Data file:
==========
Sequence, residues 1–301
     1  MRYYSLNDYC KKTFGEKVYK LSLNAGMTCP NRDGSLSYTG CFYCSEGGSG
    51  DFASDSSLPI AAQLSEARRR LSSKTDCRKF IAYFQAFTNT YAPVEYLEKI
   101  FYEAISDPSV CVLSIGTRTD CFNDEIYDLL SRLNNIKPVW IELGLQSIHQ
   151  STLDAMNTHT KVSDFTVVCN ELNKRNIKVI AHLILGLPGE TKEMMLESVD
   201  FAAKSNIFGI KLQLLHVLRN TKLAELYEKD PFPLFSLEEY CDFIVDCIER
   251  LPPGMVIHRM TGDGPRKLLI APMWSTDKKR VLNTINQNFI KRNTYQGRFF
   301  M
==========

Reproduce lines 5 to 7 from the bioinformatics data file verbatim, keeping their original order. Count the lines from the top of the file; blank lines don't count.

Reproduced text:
   151  STLDAMNTHT KVSDFTVVCN ELNKRNIKVI AHLILGLPGE TKEMMLESVD
   201  FAAKSNIFGI KLQLLHVLRN TKLAELYEKD PFPLFSLEEY CDFIVDCIER
   251  LPPGMVIHRM TGDGPRKLLI APMWSTDKKR VLNTINQNFI KRNTYQGRFF